Queen Chapel African Methodist Episcopal Church celebrates its 150th anniversary this week.
The second oldest institution on Hilton Head Island – next to its neighbor First African Baptist Church – faces the challenges of many churches today. It needs more young families and children involved to take advantage of its strong foundation.
Queen Chapel has a most unusual foundation, one that is important to local and American history.
The church would not still be tucked under the live oaks of Beach City Road if not for a slave uprising, a storm blowing missionaries ashore, and one of America’s first experiments with freedom in the nearby village of Mitchelville.
The slave uprising of 1822 in Charleston did not succeed, but organizer Denmark Vesey’s ties to the African Methodist church there led to its destruction. The church rebuilt but had to go underground when black churches without white supervision were outlawed in 1834.
And that’s what brought the missionaries this way. They came in 1865 to revive the African Methodist church in Charleston, which they did. They named it Emanuel, meaning “God with us.” But before they could get to Charleston, a storm forced them to take refuge on Hilton Head. A worship service they led under an oak tree at Mitchelville was the beginning of Queen Chapel AME Church.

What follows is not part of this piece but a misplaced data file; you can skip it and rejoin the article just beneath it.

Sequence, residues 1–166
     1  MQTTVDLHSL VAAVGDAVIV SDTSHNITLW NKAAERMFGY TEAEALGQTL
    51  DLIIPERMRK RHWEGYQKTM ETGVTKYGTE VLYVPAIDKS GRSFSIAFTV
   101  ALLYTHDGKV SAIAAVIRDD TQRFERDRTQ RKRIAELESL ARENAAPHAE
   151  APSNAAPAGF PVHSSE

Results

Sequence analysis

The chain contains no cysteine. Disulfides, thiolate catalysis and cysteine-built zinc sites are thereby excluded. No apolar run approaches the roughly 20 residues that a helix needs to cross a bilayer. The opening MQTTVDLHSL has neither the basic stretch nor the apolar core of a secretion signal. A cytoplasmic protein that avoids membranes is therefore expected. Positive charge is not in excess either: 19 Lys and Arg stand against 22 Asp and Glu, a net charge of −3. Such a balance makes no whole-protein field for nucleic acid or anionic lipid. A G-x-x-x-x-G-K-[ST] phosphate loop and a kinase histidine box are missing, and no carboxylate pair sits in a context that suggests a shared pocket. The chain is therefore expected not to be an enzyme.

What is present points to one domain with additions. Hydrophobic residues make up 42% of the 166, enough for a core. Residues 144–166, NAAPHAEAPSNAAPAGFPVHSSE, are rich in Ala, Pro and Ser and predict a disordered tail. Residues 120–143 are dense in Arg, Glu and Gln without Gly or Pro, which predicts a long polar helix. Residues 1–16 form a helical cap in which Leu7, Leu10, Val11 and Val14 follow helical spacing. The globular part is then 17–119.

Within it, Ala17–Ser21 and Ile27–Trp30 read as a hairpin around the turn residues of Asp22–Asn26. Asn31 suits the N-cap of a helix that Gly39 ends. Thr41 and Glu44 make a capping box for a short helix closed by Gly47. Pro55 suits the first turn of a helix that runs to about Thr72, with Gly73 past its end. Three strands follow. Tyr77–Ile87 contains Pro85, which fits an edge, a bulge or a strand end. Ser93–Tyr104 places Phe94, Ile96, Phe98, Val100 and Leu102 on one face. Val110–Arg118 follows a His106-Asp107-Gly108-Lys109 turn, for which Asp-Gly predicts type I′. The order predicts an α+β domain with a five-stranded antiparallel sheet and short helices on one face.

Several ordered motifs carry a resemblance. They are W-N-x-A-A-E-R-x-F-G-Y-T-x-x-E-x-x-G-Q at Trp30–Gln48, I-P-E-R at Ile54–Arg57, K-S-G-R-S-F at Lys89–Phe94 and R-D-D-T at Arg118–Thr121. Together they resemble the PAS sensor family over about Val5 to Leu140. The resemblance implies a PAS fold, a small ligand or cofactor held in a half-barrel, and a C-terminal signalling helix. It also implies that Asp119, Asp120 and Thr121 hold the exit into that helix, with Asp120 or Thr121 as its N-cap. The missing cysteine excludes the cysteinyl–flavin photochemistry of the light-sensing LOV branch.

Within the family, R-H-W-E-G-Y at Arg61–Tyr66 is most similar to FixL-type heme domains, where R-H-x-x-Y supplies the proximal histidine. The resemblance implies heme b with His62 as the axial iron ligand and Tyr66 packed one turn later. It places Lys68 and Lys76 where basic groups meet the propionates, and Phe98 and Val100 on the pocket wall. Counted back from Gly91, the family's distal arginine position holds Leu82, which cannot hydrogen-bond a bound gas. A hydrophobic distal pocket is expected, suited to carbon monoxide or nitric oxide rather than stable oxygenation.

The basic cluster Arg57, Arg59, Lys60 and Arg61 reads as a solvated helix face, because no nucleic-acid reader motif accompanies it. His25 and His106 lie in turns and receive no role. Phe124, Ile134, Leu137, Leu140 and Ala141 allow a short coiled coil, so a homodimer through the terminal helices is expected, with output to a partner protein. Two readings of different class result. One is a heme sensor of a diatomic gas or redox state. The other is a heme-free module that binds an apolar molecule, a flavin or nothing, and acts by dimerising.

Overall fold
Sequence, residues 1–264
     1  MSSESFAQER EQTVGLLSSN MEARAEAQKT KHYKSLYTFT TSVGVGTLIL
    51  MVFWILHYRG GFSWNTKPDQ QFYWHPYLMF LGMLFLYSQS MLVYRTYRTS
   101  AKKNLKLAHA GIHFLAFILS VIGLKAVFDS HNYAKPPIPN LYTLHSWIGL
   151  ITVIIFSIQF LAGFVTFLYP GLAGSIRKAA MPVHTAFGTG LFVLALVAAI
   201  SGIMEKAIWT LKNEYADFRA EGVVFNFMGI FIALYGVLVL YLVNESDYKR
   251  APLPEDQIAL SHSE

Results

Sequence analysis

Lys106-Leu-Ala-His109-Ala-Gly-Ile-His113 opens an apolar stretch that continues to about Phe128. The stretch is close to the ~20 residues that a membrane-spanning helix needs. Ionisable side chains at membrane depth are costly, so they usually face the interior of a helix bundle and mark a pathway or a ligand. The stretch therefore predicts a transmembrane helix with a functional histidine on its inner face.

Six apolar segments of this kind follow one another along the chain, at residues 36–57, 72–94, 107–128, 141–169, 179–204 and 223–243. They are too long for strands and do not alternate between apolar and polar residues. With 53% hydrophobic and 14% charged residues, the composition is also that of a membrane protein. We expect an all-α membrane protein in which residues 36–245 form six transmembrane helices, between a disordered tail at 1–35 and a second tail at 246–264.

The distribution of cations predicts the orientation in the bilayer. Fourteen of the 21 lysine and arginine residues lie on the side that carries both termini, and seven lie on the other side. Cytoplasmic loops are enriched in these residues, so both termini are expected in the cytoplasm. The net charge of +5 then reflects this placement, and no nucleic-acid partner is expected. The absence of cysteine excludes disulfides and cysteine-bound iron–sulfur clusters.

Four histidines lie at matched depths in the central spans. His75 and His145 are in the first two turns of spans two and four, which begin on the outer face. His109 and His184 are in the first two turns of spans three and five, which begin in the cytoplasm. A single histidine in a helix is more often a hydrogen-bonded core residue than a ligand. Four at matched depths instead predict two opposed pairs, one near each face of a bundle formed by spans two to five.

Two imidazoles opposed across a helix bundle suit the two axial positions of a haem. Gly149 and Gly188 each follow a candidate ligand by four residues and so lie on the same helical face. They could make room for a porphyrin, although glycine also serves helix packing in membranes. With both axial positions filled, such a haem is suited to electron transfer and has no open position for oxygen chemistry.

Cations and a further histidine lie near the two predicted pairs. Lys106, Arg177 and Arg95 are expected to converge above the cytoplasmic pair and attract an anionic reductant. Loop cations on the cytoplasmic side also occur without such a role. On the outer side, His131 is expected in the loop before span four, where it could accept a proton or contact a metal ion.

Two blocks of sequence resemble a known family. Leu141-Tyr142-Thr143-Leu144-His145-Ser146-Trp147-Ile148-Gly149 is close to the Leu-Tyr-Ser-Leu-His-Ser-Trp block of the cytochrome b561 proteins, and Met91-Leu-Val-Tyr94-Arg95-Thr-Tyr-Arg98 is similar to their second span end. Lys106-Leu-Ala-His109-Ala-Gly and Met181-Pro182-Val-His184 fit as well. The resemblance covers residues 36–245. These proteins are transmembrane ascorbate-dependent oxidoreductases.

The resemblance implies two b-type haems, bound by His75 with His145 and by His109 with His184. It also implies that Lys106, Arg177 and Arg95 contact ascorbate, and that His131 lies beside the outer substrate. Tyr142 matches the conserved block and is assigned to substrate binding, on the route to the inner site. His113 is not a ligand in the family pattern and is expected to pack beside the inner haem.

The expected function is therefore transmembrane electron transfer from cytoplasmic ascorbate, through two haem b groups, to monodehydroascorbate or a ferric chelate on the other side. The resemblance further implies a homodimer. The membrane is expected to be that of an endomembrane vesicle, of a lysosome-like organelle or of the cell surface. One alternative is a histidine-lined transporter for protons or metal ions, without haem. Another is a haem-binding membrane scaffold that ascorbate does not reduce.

Today, the mission of Queen Chapel remains the same as those stormy days of war and oppression.
“Our mission is to minister to the social, spiritual and physical development of all people,” said its pastor, the Rev. Edward B. Alston.
The AME church has always stressed social activism.
The Rev. Clementa Pinckney of Ridgeland was pastor at Emanuel AME Church, but also a state senator, when he and eight members were gunned down during a Bible study at church this June. Pinckney called his work in the senate “an extension of my ministry.”
The AME church has always stressed education, with colleges named for early leaders Richard Allen and Morris Brown.
“From the beginning, Queen Chapel has ministered not only to the spiritual needs but to the whole person,” Alston said. That has involved roles in education, criminal justice, sustenance and health care.
One of the missionaries who held that fateful meeting under the island oak was the Rev. Richard Harvey Cain. He knew that the church in 1865 was charged with uplifting an entire race. He said that its ministers and teachers must by “a thorough education, prepare the colored youth for the high duties of a citizen, a merchant, a lawyer, or millionaire.”
Source: The State | DAVID LAUDERDALE